N.C. Producers Should Be Wary of Self-Diagnosing Strawberry Diseases

Web AdminNorth Carolina

By Clint Thompson

Disease diagnosis is better left to the experts.

North Carolina strawberry producers who are concerned their crop is infected with crown rots should be wary about diagnosing the disease themselves. Different diseases require specific chemical treatments, says Bill Cline, North Carolina (N.C.) State Extension specialist in small fruits production.

Lengthwise cut through a crown with anthracnose crown rot showing the shades of red and white marbling.
Frank J. Louws

Concerned growers should submit their samples to the Plant Disease and Insect Clinic at N.C. State.

“There’s different treatments for different crown rots, and the two major crown rots we see are anthracnose crown rot and phytophthora. They both cause discoloration in the crown of the strawberry plant. The symptoms do look a bit different in the crown, but you really can’t rely on that field diagnosis,” Cline said. “Even myself when I collect samples from a grower site and I think I know what it is, I still send it to our clinic at N.C. State and get a positive identification.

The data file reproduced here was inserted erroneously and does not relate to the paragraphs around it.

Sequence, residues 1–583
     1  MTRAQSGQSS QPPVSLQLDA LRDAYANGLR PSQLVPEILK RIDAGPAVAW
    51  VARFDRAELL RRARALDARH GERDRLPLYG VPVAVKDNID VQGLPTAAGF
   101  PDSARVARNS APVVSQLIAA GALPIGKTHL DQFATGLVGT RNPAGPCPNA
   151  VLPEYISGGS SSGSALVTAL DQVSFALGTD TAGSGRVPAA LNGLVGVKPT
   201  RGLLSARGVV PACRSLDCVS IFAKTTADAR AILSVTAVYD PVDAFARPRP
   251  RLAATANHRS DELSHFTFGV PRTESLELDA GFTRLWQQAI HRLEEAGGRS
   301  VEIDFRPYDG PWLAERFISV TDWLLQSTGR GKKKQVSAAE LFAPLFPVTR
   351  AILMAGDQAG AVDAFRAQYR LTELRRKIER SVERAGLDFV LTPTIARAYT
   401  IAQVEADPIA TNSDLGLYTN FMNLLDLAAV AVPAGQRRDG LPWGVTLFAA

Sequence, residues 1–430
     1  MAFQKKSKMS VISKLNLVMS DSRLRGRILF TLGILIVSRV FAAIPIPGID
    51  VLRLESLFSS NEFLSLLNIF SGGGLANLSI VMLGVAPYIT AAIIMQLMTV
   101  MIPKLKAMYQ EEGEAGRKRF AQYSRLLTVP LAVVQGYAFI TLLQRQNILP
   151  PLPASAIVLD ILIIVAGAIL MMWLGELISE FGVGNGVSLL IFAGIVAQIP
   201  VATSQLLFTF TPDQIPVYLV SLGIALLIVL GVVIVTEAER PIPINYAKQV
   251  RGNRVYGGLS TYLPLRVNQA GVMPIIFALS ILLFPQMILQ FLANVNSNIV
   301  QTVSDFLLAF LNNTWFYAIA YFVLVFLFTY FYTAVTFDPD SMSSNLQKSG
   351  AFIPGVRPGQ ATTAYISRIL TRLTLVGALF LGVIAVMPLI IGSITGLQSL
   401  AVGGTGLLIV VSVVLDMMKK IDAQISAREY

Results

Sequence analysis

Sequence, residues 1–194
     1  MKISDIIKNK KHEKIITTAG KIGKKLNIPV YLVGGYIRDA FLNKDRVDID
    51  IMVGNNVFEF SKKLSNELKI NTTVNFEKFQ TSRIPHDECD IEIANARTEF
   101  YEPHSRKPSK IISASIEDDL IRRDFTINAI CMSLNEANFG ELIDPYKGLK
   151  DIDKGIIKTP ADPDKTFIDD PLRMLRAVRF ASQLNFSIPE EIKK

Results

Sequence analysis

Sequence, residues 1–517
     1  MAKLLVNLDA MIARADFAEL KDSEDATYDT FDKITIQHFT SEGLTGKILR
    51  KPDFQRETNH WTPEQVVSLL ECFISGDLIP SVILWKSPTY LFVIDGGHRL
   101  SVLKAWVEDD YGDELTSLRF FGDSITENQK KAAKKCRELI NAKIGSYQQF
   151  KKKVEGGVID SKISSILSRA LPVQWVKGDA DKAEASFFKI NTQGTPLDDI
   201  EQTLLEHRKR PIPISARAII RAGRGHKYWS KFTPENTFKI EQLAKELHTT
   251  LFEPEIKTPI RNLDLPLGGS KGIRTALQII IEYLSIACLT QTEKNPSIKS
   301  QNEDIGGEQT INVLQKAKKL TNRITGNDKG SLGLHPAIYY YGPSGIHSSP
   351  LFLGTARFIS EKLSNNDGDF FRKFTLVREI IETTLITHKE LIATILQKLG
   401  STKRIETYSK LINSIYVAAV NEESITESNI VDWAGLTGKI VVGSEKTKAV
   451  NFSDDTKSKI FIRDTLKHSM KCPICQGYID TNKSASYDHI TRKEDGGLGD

“Anthracnose crown rot in the fall of the year, you can rogue it out. You know you can use foliar fungicides on the remaining plants, but that’s about all you can do. If you have, in contrast, phytophthora crown rot, that’s a different type of organism. It’s a water mold. It’s water borne. The spores are swimming spores that can move in the spaces in between the soil particles. It can spread plant to plant, and it’s one you manage with very different products.”

Management Options Before Planting

Bill Cline

North Carolina strawberries are in the ground following a delayed planting season. Prior to future planting seasons, though, growers can use disease-free plants and resistant cultivars to manage anthracnose as well as use a plant dip with a combination of Cyprodinil and Fludioxonil or just Zivion. To manage phytophthora, growers should use disease-free plants, avoid using a field that is prone to standing water and poorly drained soils and use Mefenoxam and Metalaxyl in the fall and spring.

But as for this season, correct diagnosis is vital to sustained success.

“You don’t want to be treating for something that’s misdiagnosed, because you’re just wasting your money. If you’re reacting to anthracnose crown rot and you’ve got phytophthora crown rot, you’re not going to achieve anything by treating with the wrong product,” Cline said.